Thursday, June 11, 2009

Green on An Intellectual History of Judicial Activism

An Intellectual History of Judicial Activism is a new article by Craig Green, Temple University, James E. Beasley School of Law. It is forthcoming in the Emory Law Journal. Green suggests that the term "judicial activism" comes from Arthur Schlesinger, who "minted 'judicial activism' in a fourteen-page Fortune [magazine] article" in 1947. The article came in the wake of a broader critique of the courts before and after the 1937 "switch-in-time," however. On the broader history of judicial review and its critics, Barry Friedman's work is essential. On critiques of courts in the first three decades of the century, Maxwell Bloomfield's Peaceful Revolution is quite helpful.
Here's Green's abstract:
Over the past six decades, the term "judicial activism" has become an immensely popular tool for criticizing judges' behavior. Despite the term's prominence, however, its meaning is obscure, and its origins have been forgotten. This article seeks to correct such deficiencies through a detailed conceptual and historical analysis of judicial activism.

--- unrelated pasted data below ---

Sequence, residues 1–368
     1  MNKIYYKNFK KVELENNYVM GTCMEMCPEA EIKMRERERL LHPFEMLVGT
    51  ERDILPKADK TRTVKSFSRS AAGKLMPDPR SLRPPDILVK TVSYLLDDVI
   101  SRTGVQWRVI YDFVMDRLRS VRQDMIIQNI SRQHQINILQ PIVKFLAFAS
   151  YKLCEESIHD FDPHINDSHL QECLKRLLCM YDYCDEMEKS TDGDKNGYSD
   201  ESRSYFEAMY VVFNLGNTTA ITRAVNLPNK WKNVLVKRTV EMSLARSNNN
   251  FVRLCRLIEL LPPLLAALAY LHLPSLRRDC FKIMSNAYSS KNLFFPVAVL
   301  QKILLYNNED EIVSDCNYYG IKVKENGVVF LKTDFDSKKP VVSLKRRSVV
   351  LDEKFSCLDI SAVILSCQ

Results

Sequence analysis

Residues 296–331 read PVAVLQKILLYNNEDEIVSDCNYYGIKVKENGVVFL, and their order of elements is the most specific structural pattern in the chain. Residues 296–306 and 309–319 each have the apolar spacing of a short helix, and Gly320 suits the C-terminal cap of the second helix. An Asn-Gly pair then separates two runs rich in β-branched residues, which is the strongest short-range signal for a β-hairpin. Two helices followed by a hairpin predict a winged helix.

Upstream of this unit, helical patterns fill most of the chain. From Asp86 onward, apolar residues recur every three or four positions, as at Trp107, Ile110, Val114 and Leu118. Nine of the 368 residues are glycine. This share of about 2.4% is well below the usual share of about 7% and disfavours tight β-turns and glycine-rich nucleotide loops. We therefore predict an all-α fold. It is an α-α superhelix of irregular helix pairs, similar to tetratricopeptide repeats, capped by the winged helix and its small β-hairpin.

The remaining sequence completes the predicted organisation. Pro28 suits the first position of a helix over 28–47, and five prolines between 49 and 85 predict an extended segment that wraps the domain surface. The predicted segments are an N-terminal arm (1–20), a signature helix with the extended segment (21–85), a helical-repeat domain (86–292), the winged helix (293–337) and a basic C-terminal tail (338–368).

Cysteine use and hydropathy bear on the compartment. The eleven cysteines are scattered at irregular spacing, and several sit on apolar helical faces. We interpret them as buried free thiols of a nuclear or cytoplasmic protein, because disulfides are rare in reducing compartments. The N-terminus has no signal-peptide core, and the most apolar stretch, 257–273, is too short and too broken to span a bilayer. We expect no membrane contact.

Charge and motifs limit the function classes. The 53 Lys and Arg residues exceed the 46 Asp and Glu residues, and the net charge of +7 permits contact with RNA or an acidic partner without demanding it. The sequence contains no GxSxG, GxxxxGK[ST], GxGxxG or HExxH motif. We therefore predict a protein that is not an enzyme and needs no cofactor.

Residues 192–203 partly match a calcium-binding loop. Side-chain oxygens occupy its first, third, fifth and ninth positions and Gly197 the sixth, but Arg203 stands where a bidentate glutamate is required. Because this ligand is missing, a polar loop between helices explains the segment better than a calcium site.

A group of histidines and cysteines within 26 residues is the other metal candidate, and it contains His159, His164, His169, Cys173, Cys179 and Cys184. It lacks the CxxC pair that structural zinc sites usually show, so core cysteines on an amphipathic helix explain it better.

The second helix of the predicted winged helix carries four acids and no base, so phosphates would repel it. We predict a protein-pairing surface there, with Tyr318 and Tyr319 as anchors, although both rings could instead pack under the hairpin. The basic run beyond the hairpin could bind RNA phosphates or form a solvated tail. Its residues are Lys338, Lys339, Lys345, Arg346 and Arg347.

First, the article analyzes legal rhetoric, describing the post-war origins of the phrase "judicial activism," its eighteenth- and nineteenth-century prehistory, and its rise to prominence in the late twentieth-century. Second, the article rejects as incoherent modern definitions of judicial activism, and instead describes a functional "concept" of activism based on unenforced norms of judicial propriety. Because judges make many decisions without supervision by other public officials, debates over judicial role are crucial to our legal system's operation. These debates - regardless of whether they use the word "activism" - illustrate why the concept of judicial activism remains inescapably important. Third, the article offers a two-part, common-law method of determining whether particular decisions or judges are activist. This method contrasts with other ways of evaluating activism such as textualism, originalism, and jurisprudential theory. If widely adopted, the proposed approach to judicial activism might yield clearer perceptions of judicial behavior and might reduce destructive schisms between expert and non-expert discussions of judicial role.

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